Charles Arlinghaus: Rudman reminds us just how bad things are
Warren Rudman served in the U.S. Senate from 1980-1992 in the seat now filled by Sen. Kelly Ayotte (something about the seat itself apparently makes one a deficit hawk). He was known for many things during his time in the Senate, but we remember him best today for an unflinching attack on the federal deficit. The Gramm-Rudman deficit reduction law is a model for today's weak-kneed politicians to force discipline on themselves.
The people we as a nation had the poor sense to elect to supposedly represent us in Washington amount to a 435-member bowl of jelly wobbling about. Occasionally, they lurch into action and do something, but those incidents are rare.
Reading some comments from Sen. Rudman's retirement speech reminds one how far we haven't come. Keep in mind that Rudman announced his retirement in March of 1992, more than 20 years ago. Some things haven't changed a bit since then. Rudman was concerned about a ridiculously high deficit and the inability of lawmakers to address it.
After the Gramm-Rudman law had reduced the annual deficit from 29 percent of revenues to 15 percent of revenues, it was repealed largely because lawmakers preferred "flexibility" to actual discipline. The budget deficit began to rise and would almost double in three years - from $152 billion in 1989, the last year of Gramm-Rudman, to $290 billion in 1992, when Rudman retired.
Rudman's warning resonates today. In his retirement speech, he warned about growing deficits: "with a federal budget deficit reaching $400 billion, with a country in economic disarray; how can we responsibly stand on this floor and talk about doing anything that has even the slightest chance of adding, not a dime, but a penny to a budget deficit?"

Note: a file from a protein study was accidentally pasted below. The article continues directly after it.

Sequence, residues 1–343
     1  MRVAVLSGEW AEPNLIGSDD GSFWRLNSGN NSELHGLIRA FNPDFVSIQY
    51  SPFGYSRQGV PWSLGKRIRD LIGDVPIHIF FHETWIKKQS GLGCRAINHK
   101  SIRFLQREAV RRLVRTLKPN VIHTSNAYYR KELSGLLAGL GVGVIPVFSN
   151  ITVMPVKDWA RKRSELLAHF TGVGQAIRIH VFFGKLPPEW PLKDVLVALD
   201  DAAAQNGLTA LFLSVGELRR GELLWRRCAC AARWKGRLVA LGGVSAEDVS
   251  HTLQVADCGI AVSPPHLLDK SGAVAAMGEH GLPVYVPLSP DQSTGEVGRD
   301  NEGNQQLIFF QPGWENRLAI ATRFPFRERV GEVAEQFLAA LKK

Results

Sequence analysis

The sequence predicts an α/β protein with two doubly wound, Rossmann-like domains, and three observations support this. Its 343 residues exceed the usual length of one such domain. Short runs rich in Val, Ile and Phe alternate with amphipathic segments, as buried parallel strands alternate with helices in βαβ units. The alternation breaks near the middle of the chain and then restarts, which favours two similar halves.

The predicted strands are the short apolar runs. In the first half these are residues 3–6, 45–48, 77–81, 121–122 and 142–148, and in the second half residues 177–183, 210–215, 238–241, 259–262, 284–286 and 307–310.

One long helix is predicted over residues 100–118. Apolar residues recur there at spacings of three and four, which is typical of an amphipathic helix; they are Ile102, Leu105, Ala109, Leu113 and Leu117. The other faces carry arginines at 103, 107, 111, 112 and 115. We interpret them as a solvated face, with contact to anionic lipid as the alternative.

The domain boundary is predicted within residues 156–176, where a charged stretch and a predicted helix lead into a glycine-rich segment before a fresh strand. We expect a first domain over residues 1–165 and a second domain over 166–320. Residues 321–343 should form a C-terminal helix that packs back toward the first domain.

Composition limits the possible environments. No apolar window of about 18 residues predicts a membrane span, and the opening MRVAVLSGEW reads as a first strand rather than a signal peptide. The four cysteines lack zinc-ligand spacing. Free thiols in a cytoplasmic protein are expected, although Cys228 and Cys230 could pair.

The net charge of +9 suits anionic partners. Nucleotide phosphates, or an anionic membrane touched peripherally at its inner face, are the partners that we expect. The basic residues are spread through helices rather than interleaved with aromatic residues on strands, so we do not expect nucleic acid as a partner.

Rudman would leave the Senate and together with former Sen. Paul Tsongas pressure lawmakers from the right and left to focus on the deficit and what he considered an achievable goal of a balanced budget.
Those without short memories will remember that the debate in the middle 1990s was not over whether to balance the budget. It was a question of timing. As the economy started to boom, both parties wanted to use the economic growth to balance the budget. Republicans, taking their cues largely from Rudman in this respect, attacked President Clinton for not acting fast enough because he was willing to take 10 years to balance the budget. They insisted it happen in five lest the economic growth not be directed to achieving responsibility.
An election landslide for the Republicans in 1994 came after a campaign based in part on balancing the budget in five years. That landslide created the impetus for both parties to support balance as a goal. They disagreed bitterly on many things, but the budget was balanced in just four years by a Republican Congress and a Democratic President.
Today we have a similar divided government (although Congress itself is divided this time). Deficits are ridiculous by Rudman's standards: The deficit isn't $290 billion, it's almost $1.2 trillion. It isn't a completely ridiculous 29 percent of revenue, it's nearly 50 percent of revenue.
And yet the debate in Washington is completely unfocused. Lawmakers are proposing talking about this or that (closing tax loopholes, raising tax rates, caps on discretionary spending, serious entitlement reform perhaps) but no one is suggesting it is possible to balance the budget. All lawmakers are being asked to sacrifice political principle in the goal of making things not quite as bad.
That's pathetic. You can't balance a budget if you don't set a goal of balancing the budget. You can't ask politicians to give way on deeply held political principles to make things somewhat less bad.
Someone in the malarial swamp on the north bank of the Potomac needs to set a goal of actually balancing the budget in a set number of years (I'd suggest five). You can't reach a goal if you don't set a goal. Set a goal, balance the budget, do something for a change.
Charles M. Arlinghaus is president of the Josiah Bartlett Center for Public Policy, a free-market think tank in Concord.